After my first two novels, A Soldier Surrenders and Crusader King, were swiped up by big-name Catholic publishers (Ignatius Press and TAN Books) and incorporated into language arts programs in Catholic high schools and homeschool programs across the globe, I knew I had finally arrived as an author. My childhood dream was a reality. By now I had established a fan base (mostly teens, but surprisingly many adults as well), and my vision was crystal clear: I wanted to write fast-paced novels of obscure saints whose lives were filled with adventure and action, and in a style that would appeal to today’s modern youth. It was at this point that I decided to launch an actual series, which I thought I could call “God’s Forgotten Friends: Lives of Little-known Saints.” Armed with a pen and a stack of lined paper, I sat down to write a brand new book. (Back then I didn’t even own a computer. Yeah, pen and paper . . . insane, I know.)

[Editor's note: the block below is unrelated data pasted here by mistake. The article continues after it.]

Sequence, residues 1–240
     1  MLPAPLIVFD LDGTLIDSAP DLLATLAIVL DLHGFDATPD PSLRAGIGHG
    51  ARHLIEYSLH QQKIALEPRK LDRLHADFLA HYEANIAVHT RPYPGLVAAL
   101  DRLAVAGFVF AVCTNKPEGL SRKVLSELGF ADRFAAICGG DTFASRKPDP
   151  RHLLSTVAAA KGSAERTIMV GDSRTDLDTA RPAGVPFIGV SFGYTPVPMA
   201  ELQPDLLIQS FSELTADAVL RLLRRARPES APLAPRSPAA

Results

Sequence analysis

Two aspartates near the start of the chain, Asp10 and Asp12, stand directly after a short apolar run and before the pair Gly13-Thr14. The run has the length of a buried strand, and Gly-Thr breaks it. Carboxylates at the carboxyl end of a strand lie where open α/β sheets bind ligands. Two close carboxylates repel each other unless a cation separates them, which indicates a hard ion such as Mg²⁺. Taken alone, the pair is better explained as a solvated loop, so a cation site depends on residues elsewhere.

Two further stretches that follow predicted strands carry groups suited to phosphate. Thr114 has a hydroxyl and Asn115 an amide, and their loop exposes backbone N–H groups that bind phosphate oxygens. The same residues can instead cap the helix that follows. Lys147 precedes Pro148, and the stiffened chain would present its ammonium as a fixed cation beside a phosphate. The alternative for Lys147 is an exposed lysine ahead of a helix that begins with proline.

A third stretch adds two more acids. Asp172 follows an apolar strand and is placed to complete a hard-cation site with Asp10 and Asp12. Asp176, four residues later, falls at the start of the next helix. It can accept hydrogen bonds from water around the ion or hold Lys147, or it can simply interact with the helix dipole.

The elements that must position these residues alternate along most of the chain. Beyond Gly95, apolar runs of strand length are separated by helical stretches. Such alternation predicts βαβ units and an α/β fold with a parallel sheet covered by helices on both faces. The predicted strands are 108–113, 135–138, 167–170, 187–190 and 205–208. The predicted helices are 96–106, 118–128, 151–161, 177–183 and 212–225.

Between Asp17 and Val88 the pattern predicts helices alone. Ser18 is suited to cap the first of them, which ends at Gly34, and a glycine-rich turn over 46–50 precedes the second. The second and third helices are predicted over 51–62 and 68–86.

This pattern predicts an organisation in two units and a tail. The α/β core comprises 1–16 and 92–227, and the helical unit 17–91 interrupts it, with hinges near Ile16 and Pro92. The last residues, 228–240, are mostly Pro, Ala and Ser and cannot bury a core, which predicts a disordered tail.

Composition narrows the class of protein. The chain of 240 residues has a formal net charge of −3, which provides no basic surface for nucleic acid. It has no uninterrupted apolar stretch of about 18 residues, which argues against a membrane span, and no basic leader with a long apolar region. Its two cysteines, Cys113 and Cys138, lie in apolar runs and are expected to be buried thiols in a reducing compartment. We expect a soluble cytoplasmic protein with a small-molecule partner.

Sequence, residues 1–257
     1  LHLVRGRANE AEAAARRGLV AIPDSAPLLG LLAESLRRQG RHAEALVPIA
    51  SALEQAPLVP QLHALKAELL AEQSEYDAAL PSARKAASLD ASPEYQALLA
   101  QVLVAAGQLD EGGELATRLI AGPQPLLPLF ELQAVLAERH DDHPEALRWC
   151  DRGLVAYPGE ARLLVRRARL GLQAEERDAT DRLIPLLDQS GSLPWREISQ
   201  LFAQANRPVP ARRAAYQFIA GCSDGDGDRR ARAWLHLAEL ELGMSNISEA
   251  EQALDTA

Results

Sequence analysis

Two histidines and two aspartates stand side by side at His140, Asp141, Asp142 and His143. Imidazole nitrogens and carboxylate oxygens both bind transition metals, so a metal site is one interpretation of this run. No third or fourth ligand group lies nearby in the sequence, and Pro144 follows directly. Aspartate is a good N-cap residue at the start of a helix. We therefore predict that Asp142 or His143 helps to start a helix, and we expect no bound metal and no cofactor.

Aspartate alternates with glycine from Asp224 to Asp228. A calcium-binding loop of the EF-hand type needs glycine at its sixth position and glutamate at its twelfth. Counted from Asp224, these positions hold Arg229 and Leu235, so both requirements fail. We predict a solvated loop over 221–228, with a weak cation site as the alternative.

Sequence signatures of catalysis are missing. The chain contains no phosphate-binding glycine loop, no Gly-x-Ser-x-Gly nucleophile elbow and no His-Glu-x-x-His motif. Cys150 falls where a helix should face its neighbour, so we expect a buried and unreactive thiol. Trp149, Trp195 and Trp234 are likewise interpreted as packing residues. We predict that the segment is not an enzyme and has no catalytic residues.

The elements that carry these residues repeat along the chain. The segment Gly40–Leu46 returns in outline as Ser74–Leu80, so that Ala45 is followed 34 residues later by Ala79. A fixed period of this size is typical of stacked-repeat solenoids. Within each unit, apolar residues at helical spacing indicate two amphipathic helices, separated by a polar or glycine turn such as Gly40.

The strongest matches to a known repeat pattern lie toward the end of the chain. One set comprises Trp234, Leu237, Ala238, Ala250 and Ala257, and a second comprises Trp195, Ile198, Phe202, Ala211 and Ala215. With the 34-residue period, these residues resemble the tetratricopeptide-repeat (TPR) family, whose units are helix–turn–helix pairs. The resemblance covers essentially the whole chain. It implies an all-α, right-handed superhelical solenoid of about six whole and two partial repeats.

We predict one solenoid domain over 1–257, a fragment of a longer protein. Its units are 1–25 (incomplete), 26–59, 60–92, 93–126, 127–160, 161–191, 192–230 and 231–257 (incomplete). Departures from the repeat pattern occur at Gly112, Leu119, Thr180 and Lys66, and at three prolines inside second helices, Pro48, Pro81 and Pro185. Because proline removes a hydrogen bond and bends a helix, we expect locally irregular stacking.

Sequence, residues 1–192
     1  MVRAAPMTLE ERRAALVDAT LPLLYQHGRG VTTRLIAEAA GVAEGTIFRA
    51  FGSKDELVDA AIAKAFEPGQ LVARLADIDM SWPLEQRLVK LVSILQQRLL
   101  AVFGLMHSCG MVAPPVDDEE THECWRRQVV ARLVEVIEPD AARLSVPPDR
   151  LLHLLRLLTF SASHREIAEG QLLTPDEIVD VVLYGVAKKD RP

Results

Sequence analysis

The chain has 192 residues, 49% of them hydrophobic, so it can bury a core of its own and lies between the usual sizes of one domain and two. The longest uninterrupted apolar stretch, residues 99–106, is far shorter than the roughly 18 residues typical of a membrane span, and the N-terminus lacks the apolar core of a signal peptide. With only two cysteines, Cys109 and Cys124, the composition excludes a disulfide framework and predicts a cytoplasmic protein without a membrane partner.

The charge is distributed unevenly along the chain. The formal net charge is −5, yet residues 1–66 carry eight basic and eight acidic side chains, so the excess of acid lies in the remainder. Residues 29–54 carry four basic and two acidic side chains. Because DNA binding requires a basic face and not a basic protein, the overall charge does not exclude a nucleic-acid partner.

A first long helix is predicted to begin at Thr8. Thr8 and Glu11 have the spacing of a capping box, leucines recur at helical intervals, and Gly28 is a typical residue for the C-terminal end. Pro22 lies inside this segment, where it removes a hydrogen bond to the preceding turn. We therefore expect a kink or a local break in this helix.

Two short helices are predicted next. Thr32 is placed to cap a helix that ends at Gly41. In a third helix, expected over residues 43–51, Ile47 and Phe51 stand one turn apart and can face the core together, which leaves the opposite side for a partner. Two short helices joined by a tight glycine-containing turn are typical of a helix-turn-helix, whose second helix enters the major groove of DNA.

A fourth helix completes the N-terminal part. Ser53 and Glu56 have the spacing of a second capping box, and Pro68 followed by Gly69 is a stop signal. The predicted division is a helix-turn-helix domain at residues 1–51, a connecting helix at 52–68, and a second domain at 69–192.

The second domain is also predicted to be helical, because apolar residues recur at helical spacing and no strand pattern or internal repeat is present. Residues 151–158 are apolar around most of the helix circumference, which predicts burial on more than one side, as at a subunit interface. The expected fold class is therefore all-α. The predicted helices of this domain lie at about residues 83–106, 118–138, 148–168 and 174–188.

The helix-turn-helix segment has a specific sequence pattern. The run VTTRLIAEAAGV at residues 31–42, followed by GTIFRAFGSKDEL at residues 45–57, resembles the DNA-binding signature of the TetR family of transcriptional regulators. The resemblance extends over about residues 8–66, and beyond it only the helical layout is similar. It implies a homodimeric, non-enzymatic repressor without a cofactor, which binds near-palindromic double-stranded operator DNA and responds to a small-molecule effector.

But after the blinding flashes of inspiration that had determined my earlier two heroes, I found myself painfully stuck. Who should I write about next? There were thousands upon thousands of saints out there, yet I had no clue whose story to tell. I went into a slump, spending a few years (yes, years) researching unusual and random saints. I experimented with outlines and wrote corny first chapters of countless holy people – everyone from St. Thomas Beckett’s parents, to King Sebastian of Portugal, to St. Gabriel Possenti, to St. Anthony of Padua, who isn’t obscure at all and shows how desperate I was getting. I wrote hundreds of ridiculous pages of Saint Dymphna, which ended up in the trash like everything else. Nothing worked. My writing career was over. With a heavy heart, I admitted defeat and gave up.